Figure 9: The occurrence of the keywords in the documents.

1 2 3 4 5 6 7 8 9 10 11 12 13 14 15
ENVIRONMENT 0.20% 3.70% 2.60% 3.20% 8.10% 7.20% 14.40% 22.80% 6.10% 13.60% 5.00% 12.50% 0.50%
GENERIC 5.50% 4.40% 2.60% 9.20% 11.50% 4.40% 38.50% 7.20% 5.10% 6.50% 4.90% 0.20%
SOCIAL 0.40% 8.80% 2.50% 0.80% 14.80% 7.70% 8.40% 21.40% 17.90% 4.00% 11.00% 1.60% 0.70%

The frequency of occurrence of the key words is divided into three categories. The percentage of the frequency occurrences in the total number of words is given for all the 15 documents. The above table shows that in 3 out of 15 documents, the main issue that has been dealt with is environment, while in 5 out of 15 documents the stress has been social issues. While in rest of the 7 documents, the stress has been on generic issues.

A descriptive non-numeric analysis of the documents demonstrates that the phrase corporate social responsibility occurred 136 times in the 15 documents studied. The percentage of cases in which these occurred is 53.3 percent. The occurrence of legal documents and reporting related phrases that have been found in the 286. The presence of law and legal compliance has been mentioned only in the document of one company i.e. Inditex. The case occurrence percent is 13.3 percent. code of conduct has been found in 235 instances, and in almost all the documents. This demonstrates that most of the UK based garment retailers have a stress on the presence of internal code of conduct that they follow in order to be socially responsible.

There is the presence of “remuneration committee” that has occurred in 220 instances, comprising of 13.3 percent of the total instances. Further for internal and external audits there is the presence of audit committee that has been found in many case i.e. 212 instances, that accounts for 13.3 percent of the total occurrences. Further there is another instance of presence of “audit and control” that demonstrates the presence of internal social auditing for both financial and non-financial matters in order to remain socially responsible. This ensures that the companies are continually undertaking the practice of auditing their operations and in the process of identifying the areas that need to be stressed upon.

The other area is the remuneration committee that is in place and effect and has been found in 182 instances demonstrates that there has been the requirement and presence of remuneration distribution and a committee to look into the matters of equal distribution of remunerations.

“Health and safety” occurred 152 times in the documents. This demonstrated that the stress on safety issues at the plant or factory level and health issues of the employees is a great concern for the companies under study and have assumed an important position in the documents under study. Corporate governance also assumes 135 occurrences in the documents thereby assuming a 46.7 percent presence. This shows that the corporate governance is of high priority for the companies. They want the companies to undergo proper governance. “Internal audit” of the companies too occurred in the company. Therefore, these occurred 60 percent of the cases, thereby assuming great importance for these documents. Internal audit indicates the presence of internal control over the financial and social issues of the company. Therefore they assume greater importance in case of social responsibility of the companies as auditing can only help to keep the internal operations of the company into proper place.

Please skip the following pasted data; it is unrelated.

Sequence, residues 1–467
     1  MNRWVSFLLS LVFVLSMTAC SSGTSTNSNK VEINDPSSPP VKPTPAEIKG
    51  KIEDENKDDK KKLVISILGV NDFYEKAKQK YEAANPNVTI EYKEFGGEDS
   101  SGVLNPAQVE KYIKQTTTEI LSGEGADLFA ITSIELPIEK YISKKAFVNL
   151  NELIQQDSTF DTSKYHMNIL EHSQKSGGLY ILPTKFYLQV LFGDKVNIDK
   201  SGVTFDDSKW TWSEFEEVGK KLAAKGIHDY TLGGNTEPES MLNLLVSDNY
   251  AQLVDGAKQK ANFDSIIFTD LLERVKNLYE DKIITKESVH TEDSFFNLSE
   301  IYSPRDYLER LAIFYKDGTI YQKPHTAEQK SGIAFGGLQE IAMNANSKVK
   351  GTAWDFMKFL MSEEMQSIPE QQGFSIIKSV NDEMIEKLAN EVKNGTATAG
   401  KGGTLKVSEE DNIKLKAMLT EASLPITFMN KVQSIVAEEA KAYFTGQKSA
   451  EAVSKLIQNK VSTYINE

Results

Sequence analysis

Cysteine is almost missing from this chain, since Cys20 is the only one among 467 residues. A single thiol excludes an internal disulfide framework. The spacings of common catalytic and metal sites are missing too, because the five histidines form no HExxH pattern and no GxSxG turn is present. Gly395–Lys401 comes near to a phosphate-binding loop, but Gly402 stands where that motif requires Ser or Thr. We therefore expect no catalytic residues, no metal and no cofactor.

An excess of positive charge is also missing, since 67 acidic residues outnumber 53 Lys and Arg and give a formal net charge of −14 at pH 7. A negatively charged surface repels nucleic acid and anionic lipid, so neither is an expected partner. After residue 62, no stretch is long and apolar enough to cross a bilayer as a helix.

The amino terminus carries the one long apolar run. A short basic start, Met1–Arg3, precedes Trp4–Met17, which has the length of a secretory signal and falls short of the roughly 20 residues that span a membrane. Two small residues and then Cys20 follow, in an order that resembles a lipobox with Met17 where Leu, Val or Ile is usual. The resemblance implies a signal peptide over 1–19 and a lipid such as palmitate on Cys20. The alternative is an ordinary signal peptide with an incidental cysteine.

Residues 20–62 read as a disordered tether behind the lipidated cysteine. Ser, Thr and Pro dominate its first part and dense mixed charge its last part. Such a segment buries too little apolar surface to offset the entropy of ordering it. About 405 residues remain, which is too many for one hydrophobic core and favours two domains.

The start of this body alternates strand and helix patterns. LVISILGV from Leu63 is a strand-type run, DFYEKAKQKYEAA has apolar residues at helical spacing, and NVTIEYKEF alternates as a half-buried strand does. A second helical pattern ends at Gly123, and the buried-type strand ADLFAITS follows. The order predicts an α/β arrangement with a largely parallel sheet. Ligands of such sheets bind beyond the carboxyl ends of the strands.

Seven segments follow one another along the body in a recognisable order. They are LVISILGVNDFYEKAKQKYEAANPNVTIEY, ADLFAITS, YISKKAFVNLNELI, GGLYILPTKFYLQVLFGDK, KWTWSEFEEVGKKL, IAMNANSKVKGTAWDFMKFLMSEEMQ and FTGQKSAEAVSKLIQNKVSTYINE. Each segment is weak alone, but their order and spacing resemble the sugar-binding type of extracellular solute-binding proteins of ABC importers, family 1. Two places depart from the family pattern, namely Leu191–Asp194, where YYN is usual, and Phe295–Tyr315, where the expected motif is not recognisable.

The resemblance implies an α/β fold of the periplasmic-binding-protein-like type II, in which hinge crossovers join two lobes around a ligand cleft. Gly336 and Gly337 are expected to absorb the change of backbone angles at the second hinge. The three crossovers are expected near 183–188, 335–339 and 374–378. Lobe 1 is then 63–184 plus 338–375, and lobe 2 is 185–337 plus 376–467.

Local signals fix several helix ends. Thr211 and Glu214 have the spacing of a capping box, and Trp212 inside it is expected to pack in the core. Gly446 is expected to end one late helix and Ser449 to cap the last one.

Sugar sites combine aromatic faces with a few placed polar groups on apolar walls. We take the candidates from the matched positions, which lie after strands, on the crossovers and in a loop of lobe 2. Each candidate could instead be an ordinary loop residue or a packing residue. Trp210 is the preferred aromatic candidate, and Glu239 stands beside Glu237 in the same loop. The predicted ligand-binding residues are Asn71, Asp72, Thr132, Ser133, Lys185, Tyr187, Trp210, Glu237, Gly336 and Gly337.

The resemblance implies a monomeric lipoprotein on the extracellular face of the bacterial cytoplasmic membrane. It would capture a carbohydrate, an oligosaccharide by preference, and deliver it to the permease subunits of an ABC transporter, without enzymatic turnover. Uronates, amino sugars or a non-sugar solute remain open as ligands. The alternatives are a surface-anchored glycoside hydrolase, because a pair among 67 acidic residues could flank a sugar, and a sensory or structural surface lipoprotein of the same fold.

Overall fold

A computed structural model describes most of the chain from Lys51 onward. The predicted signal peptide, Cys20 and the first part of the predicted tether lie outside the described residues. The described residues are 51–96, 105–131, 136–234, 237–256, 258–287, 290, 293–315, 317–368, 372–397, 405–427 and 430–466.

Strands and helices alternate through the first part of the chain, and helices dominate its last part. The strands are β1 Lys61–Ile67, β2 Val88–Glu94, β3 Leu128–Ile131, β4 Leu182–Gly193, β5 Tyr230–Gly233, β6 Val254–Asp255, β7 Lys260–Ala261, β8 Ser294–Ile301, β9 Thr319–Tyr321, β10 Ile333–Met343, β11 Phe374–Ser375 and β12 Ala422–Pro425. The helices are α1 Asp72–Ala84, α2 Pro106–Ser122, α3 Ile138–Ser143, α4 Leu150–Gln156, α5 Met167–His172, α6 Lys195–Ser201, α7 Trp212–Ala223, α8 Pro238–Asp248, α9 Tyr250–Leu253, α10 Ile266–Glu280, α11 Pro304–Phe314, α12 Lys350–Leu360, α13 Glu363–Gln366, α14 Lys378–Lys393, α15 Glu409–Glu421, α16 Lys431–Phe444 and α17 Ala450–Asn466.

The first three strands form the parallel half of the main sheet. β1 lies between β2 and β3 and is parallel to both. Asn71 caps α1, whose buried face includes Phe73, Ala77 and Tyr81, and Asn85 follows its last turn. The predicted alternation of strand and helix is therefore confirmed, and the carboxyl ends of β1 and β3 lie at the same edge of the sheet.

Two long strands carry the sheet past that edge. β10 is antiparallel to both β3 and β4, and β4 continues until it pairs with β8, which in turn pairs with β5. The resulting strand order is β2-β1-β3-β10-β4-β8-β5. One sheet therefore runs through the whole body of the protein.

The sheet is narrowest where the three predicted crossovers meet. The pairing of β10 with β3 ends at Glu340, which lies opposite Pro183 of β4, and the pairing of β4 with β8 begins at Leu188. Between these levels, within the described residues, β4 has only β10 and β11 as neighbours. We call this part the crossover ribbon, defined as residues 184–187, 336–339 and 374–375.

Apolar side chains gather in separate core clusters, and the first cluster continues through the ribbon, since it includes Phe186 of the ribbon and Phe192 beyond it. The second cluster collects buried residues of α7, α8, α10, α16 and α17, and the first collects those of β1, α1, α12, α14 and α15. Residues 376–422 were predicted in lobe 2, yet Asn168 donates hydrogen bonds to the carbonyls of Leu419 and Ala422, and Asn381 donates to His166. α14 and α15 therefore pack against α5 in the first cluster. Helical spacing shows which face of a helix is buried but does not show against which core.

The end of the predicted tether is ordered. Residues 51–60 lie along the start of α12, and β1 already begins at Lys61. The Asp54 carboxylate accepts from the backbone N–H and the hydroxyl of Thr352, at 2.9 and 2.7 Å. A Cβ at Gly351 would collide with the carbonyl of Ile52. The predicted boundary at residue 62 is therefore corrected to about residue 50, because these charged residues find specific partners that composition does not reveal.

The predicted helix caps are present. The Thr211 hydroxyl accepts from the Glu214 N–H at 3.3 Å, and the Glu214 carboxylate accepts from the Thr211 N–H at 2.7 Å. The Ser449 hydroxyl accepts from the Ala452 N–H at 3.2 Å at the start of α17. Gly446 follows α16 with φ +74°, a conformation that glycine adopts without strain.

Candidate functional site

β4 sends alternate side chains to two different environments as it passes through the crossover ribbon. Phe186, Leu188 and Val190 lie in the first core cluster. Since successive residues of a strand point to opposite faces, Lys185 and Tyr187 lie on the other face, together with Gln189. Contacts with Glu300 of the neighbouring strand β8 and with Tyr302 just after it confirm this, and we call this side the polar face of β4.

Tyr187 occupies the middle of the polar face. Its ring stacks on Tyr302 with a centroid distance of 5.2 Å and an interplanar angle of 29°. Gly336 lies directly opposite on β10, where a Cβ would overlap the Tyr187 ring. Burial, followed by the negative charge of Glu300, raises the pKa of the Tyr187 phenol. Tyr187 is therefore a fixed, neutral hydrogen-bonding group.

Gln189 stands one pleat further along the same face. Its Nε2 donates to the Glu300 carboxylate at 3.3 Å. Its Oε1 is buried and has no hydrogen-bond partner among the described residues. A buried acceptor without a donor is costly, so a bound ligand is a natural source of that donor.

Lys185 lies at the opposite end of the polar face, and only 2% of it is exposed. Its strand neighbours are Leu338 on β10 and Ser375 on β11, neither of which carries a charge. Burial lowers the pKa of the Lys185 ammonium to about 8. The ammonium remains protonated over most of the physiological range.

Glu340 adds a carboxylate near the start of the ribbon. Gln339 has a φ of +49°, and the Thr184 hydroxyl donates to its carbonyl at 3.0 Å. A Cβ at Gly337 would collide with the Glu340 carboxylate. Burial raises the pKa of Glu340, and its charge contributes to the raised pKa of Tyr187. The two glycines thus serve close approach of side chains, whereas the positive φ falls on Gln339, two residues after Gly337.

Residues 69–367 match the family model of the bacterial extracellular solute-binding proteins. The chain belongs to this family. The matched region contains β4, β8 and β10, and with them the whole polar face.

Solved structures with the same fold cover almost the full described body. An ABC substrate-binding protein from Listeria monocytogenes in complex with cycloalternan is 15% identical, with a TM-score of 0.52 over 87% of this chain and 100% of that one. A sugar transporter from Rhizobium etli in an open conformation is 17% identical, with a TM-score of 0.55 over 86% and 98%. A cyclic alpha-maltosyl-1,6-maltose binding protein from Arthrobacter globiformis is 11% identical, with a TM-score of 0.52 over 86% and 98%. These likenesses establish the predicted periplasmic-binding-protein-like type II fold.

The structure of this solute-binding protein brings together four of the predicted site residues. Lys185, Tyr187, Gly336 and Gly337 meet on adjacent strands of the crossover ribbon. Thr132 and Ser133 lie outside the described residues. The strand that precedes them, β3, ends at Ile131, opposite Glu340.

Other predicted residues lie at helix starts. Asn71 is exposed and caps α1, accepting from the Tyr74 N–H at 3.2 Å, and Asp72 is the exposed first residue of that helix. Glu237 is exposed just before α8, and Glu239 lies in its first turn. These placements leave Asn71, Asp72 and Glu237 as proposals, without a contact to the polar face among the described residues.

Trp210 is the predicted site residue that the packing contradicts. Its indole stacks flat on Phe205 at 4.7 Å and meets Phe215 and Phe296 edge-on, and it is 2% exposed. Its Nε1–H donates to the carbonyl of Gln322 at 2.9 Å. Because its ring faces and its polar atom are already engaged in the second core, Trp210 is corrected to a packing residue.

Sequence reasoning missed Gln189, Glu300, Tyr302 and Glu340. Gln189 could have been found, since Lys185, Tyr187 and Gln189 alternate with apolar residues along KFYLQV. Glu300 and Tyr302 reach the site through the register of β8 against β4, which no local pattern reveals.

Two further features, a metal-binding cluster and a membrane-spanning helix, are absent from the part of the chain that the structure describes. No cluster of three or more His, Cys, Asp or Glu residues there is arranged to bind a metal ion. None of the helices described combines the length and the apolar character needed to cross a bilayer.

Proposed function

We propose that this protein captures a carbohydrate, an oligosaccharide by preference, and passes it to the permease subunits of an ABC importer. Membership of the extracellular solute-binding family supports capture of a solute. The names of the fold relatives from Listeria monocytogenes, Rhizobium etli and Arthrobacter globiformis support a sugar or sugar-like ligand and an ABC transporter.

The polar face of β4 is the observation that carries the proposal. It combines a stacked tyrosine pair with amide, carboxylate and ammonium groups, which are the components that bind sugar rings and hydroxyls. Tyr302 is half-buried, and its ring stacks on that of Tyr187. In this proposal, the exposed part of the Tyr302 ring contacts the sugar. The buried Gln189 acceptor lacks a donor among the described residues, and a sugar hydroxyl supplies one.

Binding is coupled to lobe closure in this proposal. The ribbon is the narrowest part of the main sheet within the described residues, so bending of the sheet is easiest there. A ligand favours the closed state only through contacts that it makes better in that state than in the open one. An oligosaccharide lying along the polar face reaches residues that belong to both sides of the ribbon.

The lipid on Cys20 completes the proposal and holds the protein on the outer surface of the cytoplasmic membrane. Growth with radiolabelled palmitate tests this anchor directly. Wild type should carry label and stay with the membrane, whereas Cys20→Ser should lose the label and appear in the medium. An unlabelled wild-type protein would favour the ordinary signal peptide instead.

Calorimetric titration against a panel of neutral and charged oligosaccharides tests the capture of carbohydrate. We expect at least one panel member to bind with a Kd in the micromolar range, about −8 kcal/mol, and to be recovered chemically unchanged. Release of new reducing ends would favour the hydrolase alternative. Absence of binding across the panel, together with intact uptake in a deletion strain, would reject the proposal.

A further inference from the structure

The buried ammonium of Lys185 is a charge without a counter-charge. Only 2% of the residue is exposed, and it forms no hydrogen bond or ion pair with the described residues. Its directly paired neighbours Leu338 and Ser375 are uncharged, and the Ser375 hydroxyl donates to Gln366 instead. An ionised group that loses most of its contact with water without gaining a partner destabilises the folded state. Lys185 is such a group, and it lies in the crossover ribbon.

Coding Retrieval

This section deals with the areas of the coding that is retrieved from the documents. The first code that is retrieved is community interest. This shows that there are 91 sentences related to the community interest code. This demonstrates that the organizations work in relation to the development of the society. The first occurance for instance demonstrates the importance of community interest taken by the garment companies that cater to renewable energy resources and cutting down emission in order to help the society:

committee, works on the key objectives for the organisation in this area (i.e. reducing energy usage and transportation costs) Membership of key industry bodies to provide awareness of changes to standards and legislation Executive Health and Safety committee who works to review compliance for organisation in this area Code of Business Conduct Policy in place and compliance noted (Content Analysis)

Further, in order to help the community the code of conduct that is established internally within the organization is enforced by both the managers of the organizations and also by the vendors and merchandisers.

Further in case of employment related activities, the content analysis shows that the committee is responsible for equity among employees. As in case of ASOS, the company mentions a Muslim employee being a trustee – “Waheed is also a trustee of the Elton John”. Further, in its CSR report Inditex mentions the unbiased way the company operates –

… programmes were signed at Zara Logistic, joining the 2008 signatures for the Zaragoza logistics centre and the manufacturing centres at Arteixo and Narn (A Corua). Likewise, situation diagnostics were agreed by the Meca (Madrid) logistics centre and the Bershka and Massimo Dutti centres in Tordera (Barcelona). In 2009, the number of part-time employees, as opposed to full-time, increased slightly to 60% of the workforce. This shows that more workers are choosing this formula in order to combine work with studies or family. One of the main characteristics of the Inditex business model is flexibility, which is reflected in the human resource policy. The company offers a range of positions with different working hours so as to facilitate, to the extent possible, stable work shifts.

Further, the company also mentions the non discriminatory practices that are endorsed by the company in case of employee relations –